This new energy enabled them to sense atmospheric pollutant nitric oxide, they claimed. (Agencies)
"We have begun a new technology platform for plants called plant nanobionics," said Michael Strano, a chemical engineer at Massachusetts Institute of Technology (MIT).
We all know that plant cells convert light into chemical energy by a process known as photosynthesis with the help from chloroplasts.
Strano and his team embedded the chloroplasts with tiny antioxidant particles or nanoparticles.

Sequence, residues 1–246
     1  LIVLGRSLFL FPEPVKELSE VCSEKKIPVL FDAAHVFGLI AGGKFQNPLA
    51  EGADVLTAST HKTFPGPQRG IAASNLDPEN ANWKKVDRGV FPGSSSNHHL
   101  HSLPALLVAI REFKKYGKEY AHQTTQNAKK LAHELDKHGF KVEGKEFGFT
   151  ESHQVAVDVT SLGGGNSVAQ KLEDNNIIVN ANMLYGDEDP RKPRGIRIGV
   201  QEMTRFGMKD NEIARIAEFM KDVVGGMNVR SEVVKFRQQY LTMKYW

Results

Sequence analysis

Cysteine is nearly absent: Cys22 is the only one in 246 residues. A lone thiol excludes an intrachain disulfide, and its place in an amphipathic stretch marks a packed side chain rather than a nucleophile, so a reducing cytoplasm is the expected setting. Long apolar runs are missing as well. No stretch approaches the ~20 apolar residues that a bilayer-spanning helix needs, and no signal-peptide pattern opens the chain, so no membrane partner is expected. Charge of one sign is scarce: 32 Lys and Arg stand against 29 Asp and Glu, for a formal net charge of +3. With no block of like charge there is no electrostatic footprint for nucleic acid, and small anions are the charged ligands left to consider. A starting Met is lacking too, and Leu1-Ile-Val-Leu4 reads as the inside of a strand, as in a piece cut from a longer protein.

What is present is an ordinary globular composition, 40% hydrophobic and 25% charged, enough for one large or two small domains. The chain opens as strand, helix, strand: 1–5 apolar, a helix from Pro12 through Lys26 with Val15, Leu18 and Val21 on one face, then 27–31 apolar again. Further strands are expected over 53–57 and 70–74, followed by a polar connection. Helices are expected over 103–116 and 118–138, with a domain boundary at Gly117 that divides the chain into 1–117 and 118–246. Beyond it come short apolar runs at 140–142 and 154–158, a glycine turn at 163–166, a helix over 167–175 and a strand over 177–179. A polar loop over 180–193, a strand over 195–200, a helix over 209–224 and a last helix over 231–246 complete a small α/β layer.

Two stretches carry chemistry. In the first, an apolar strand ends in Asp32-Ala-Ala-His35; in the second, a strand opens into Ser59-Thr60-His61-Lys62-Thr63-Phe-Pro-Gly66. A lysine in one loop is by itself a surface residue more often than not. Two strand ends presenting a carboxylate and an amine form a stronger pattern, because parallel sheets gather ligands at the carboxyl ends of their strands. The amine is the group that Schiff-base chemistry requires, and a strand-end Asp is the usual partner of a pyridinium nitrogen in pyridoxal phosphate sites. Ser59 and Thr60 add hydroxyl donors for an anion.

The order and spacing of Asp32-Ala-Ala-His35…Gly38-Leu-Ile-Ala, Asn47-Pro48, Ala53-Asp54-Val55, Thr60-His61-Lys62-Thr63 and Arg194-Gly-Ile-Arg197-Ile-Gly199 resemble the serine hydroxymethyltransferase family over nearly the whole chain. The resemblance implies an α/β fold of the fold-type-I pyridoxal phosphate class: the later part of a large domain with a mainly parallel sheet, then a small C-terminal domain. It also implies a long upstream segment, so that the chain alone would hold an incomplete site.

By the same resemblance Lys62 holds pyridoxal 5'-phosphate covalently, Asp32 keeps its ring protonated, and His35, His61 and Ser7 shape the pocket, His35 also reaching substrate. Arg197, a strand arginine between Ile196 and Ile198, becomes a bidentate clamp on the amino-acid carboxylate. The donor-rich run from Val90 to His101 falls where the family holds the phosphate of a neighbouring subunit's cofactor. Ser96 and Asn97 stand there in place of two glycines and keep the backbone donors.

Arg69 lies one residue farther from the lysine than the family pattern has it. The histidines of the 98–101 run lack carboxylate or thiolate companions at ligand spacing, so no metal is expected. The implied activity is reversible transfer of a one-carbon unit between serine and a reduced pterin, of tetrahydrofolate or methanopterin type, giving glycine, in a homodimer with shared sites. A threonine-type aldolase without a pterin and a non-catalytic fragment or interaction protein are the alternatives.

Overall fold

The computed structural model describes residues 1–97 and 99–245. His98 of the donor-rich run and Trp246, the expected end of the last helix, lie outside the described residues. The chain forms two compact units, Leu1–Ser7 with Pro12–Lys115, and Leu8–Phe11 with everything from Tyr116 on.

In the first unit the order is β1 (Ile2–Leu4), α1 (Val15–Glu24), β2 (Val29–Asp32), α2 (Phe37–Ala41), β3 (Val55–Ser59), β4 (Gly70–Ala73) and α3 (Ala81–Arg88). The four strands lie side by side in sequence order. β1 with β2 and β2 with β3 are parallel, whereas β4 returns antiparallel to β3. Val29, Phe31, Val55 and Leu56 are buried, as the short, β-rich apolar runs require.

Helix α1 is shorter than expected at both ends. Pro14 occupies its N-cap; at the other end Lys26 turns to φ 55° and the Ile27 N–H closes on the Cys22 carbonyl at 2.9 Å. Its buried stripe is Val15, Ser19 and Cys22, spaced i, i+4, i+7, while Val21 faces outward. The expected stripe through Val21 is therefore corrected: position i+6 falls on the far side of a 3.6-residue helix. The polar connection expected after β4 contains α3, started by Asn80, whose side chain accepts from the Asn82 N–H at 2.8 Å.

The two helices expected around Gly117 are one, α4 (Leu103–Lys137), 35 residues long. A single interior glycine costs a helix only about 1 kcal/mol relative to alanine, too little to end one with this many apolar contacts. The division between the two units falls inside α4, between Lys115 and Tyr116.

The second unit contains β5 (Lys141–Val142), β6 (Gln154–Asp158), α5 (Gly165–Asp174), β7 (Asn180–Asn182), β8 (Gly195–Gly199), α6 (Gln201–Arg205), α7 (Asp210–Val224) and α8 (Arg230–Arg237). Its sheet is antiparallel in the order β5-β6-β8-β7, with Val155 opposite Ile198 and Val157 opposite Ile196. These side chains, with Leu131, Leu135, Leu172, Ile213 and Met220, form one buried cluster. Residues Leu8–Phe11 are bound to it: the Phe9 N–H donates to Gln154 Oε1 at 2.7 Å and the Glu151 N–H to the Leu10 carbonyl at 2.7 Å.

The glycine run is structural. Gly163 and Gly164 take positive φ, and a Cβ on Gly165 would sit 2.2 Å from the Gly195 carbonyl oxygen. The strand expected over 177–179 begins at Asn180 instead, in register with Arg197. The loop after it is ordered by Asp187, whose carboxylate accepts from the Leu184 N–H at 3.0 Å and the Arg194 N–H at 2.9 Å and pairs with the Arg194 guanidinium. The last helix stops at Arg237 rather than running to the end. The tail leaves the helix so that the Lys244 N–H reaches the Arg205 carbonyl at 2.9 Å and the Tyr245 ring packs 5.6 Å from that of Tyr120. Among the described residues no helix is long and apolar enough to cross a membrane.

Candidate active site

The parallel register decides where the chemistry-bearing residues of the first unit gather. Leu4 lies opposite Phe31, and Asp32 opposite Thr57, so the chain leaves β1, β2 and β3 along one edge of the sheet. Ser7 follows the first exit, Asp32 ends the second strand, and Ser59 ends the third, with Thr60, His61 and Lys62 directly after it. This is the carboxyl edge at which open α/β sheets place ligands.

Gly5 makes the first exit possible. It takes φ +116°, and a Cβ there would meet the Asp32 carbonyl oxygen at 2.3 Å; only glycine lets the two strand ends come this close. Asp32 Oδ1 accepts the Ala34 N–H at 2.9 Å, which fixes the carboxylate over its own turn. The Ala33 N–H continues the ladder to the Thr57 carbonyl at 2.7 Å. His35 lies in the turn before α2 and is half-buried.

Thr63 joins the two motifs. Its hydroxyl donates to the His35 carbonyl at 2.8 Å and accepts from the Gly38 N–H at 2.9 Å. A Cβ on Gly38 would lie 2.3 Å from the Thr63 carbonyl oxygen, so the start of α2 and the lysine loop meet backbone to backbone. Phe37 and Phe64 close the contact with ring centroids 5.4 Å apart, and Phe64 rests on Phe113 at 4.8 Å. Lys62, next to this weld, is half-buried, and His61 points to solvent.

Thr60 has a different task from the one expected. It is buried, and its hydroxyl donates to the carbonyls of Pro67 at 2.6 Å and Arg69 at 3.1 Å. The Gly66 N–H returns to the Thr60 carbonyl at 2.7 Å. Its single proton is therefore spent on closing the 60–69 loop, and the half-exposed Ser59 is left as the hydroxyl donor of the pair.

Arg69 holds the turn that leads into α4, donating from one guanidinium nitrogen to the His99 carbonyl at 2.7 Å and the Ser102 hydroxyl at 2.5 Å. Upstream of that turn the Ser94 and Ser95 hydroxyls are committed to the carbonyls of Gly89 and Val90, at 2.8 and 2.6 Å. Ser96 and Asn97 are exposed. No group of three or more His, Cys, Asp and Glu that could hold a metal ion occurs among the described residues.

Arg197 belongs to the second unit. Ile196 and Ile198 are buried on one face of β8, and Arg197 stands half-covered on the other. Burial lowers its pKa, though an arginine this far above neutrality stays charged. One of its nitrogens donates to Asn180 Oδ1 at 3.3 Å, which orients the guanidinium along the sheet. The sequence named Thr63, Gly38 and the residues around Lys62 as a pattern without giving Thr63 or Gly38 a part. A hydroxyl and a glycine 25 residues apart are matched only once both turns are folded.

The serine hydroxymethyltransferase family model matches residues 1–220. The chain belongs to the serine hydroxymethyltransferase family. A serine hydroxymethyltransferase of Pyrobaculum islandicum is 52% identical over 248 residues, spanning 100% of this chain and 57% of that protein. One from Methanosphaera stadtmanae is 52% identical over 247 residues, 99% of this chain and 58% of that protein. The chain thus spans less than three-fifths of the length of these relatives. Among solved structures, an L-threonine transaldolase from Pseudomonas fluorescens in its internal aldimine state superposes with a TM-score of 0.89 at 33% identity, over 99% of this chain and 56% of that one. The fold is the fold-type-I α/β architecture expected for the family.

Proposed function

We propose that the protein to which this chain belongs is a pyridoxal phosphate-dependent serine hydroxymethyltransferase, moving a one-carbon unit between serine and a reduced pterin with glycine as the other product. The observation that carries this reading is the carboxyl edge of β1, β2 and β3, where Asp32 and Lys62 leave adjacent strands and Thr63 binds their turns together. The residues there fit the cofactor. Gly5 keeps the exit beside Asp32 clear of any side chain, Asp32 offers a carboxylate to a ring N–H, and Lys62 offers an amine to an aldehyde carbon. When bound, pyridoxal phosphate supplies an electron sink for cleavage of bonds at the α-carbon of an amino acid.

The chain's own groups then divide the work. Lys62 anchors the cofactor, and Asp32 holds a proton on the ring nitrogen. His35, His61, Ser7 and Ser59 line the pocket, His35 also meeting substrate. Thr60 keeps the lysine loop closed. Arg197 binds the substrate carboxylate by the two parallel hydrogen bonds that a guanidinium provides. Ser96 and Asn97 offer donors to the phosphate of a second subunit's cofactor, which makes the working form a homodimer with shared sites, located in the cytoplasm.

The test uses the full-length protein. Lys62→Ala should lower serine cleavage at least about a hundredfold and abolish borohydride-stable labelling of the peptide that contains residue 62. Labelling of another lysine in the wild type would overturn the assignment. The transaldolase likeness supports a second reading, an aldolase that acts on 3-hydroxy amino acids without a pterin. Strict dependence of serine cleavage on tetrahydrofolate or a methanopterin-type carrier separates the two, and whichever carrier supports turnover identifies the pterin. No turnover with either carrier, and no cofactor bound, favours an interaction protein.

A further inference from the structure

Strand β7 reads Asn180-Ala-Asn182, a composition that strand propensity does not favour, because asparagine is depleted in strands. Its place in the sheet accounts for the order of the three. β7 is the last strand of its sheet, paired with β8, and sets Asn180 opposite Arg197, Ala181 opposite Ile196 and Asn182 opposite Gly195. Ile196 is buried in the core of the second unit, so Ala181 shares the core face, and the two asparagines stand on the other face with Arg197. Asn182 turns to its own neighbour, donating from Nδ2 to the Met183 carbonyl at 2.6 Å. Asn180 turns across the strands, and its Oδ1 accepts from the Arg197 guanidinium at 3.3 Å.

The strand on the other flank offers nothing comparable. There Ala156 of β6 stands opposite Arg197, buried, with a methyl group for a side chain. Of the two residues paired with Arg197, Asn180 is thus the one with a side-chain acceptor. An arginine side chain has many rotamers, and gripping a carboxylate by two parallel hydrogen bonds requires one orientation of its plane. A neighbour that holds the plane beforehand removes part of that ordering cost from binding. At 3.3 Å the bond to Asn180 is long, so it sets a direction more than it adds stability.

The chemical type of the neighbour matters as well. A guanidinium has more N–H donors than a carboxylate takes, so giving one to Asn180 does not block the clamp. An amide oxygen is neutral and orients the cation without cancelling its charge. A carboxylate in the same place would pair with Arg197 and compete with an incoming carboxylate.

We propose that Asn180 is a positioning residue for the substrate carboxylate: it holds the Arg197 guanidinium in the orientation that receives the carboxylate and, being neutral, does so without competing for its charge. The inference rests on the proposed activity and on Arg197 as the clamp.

They then coated tiny cylinders called carbon nanotubes in negatively charged DNA and embedded them in the chloroplasts.
With both antioxidant nanoparticles and carbon nanotubes in the chloroplasts, these cells continued to function even longer.
The researchers also improved the energy efficiency of living plants.
They infused nanoparticles into a flowering plant Arabidopsis thaliana and improved photosynthesis by 30 percent, said the study.
Nanobionic plants could also be used to monitor pesticides, fungal infections, bacterial toxins and hazardous chemical compounds, the study published in the journal Nature Materials concluded.
This new energy enabled them to sense atmospheric pollutant nitric oxide, they claimed.